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What’s in it for me?

   Sometimes listening to what people are looking for in a potential spouse or friend can sound a lot like listening to people who are self -absorbed. But the best relationships start when we forget about ourselves. We forget about our laundry lists: this isn’t supposed to happen now, I don’t have time, I will get hurt again, I promised I would never get close to anyone again. But, instead, we just allow it to happen. We don’t try to control anything any longer.

To fall in love is to be taken by surprise, have your world broadened, perhaps your world is even turned upside down, and you now discover that there is so much more than yourself to celebrate in this world. A good love is a love that is not consumed and concentrated with the self. It is a love that is forever getting lost in the uncharted territory of the other.

Yet many people today think relationships are firstly about meeting the needs of Me, Myself. What we mean by finding “the one” is finding someone who will help us reach self-actualization or self-fulfillment. But what happened to simply wanting to do something kind for someone you love? Although nothing is wrong with acknowledging that you are looking for greater fulfillment in a relationship, something is wrong when we forget that relationships are just that—relationships. As much as friendship or romance is about you, it is equally if not more about the other.

Too often we forget that relationships are not like doing business. Love is not a business deal: “If you do this for me, I’ll do this for you.” Rather, love is about giving yourself—your time, attention, care—to another simply for their own sake, and not primarily for yours.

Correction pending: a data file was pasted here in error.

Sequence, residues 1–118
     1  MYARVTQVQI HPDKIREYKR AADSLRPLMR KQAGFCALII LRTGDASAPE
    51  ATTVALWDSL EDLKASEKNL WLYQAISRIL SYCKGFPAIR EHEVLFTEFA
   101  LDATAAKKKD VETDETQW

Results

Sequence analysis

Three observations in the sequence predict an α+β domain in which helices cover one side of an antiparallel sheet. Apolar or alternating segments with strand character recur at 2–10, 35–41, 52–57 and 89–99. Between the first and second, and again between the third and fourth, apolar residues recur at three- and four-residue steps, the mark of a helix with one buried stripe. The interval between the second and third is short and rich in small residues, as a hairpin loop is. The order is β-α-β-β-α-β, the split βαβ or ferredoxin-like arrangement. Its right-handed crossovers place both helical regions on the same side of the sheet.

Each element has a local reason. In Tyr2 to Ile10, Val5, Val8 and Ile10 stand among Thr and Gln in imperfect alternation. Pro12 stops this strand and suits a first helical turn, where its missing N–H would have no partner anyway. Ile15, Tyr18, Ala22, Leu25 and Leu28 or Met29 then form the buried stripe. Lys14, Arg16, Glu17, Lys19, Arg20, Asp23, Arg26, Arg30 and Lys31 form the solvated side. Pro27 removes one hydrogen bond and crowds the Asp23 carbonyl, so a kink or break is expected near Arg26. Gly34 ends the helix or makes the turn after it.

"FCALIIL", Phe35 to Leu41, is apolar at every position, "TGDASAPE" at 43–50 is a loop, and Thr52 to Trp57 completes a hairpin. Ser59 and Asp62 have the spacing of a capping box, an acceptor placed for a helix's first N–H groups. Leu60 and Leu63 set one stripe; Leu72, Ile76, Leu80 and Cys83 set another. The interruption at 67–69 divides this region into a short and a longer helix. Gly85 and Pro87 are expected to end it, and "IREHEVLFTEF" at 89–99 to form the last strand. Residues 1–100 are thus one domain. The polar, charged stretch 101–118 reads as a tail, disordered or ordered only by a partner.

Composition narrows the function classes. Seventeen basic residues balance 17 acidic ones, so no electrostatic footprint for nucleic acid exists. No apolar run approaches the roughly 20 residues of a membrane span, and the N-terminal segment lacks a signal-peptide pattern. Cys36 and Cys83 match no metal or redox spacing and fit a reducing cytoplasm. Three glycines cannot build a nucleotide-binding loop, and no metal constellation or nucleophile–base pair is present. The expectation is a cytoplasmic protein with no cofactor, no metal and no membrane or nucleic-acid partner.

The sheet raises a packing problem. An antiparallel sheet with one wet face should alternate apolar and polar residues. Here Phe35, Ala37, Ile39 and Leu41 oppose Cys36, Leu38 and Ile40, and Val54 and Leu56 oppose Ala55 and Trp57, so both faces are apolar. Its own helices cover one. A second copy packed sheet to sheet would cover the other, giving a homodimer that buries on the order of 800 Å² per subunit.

Do you want to have relationships that are honest and genuine? Do you want to develop friendships that are built on open communication and a care that is not self-seeking? Or do you only want to please and be pleased.  

Personal, and sometimes even professional, relationships have the potential for so much more than a business-like reciprocity. They can be built on stability, mutual respect and care, a foundation of trust and patience. They can be gardens set apart for something beautiful to grow. But it starts with us. We can’t expect others to be self-giving until we learn to give ourselves. We can change the course of our friendships and relationships with the simple reminder that not everything is about us.

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This entry was posted on Friday, December 16th, 2011 at 9:33 pm and is filed under Friends and Colleagues. You can follow any responses to this entry through the RSS 2.0 feed. You can leave a response, or trackback from your own site.

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